New Year’s resolutions are as easy to break as they are to make, but experts say keeping it simple helps people hold onto those promises of self-improvement.
From losing weight and eating better to fighting less and giving more, resolutions run the gamut, but usually have one thing in common — they’re hard to keep. Only 8% of people who make New Year’s resolutions stick to them, according to research from the University of Scranton.
1. Realize that New Year’s day is just another day and that making resolutions on this day is no different from making a resolution on any other day. While it’s a convenient time because it’s a new year and therefore feels like a new beginning, placing too much emphasis on it being a brand new start of the day your whole life is going to change is unrealistic. Think of the occasion more as a catalyst for change and a jumping-off point.2. Pinpoint your most realistic resolutions. Review the different areas in your life and think about what is working as well as what isn’t. Instead of picking the same old resolutions that you can never seem to keep, like losing weight, giving up smoking or winning an award, choose an area that you know needs improvement rather than a radical change. Think long term and make sure it’s something you can realistically see happening. And reduce the amount of resolutions you make – hone down that list of 10 resolutions to just one or two, or be prepared to approach your resolutions one after another rather than all at once.
- For instance, perhaps you don’t see enough of your friends or you never ring your Mom. Working on these seemingly simple things may be more rewarding in the long run.
- Longer term goals such as learning a new language or controlling your temper are also fine but they must be broken down into chunks so that you don’t have unrealistic expectations and then give up too easily.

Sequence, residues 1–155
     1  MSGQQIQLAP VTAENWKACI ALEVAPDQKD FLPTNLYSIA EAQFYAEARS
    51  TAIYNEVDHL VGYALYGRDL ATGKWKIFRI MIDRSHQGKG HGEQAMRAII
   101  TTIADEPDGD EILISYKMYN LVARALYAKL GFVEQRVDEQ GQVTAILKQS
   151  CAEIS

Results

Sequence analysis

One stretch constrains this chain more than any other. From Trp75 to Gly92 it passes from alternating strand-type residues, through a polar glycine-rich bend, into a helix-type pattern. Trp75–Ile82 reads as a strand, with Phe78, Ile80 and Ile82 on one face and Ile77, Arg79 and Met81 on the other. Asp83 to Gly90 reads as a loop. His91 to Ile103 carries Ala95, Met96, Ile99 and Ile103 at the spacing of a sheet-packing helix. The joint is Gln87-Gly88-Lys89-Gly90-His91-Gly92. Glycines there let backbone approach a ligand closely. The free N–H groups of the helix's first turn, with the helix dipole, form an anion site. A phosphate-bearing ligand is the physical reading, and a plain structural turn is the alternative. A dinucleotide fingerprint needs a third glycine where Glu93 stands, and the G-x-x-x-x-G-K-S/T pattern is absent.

4. Focus on one change at a time. Rather than trying to have several large changes underway at once, such as trying to lose weight, quit smoking, and increase your exercise regime, break the changes down into smaller lots and focus on one single resolution at a time. Your focus and energies won’t be spread too thinly this way and you can give the single resolution all of your attention.
- Break down each change into smaller steps and make the first step incredibly easy. For example, if you want to start flossing, the first step can be to locate the floss in the supermarket.
- Find routine trigger points during your day for implementing your resolution. For example, when you’re eating a meal, brushing your teeth, putting out the pets, etc. Choose times that provide natural triggers for doing whatever it is your resolution is about an tack the resolution behavior onto the existing habit.
6. Make the change a gradual one. A resolution is unlikely to be enduring if you implement it in its totality the first day. Giving up your favorite daily treats cold turkey will probably cause you to think about them endlessly and finally give in to resuming eating them. Instead, slowly wean yourself off the treats by eating less of them each week, until you are no longer including them in your daily eating regime.
- Give yourself plenty of time to make the change. At least 21 days of pursuing a new habit are needed to break the old habit, and a good period of time to set a new resolution in place is around two months, after which time it should feel much easier to meet your resolution.
- Consider joining an online support group for specific resolutions such as losing weight, giving up chocolate, or training for the next marathon. Having people you can talk to at any time of day or night can be an enormous source of instant support, especially if the people are going through the same experiences and concerns as you. In turn, be sure to help boost other people’s resolutions!
9. Build on your resolutions. When you’re doing well at keeping your resolution, you may discover that you are feeling better about other areas of your life too. Going to the gym may lead you to cut out smoking too. Similarly, if you have given up something as part of your resolution, try to find a pleasant and diversionary substitute to keep your mind occupied. Quitting smoking may encourage you to exercise more.
10. Celebrate. Remember to celebrate your successes, but make sure the way you celebrate doesn’t go against your resolution. If you cut down on drinking alcohol, clearly it’s best not to reward yourself with a glass of wine. Instead, treat yourself to those shoes you’ve had your eye on, or tickets to a play you’ve been dying to see. You deserve it!
- Keep going. Why stop now when you’ve done this well? Extend the timeline of your resolution and work it into your everyday routine. By next year, you’ll be more than ready to face your next challenge.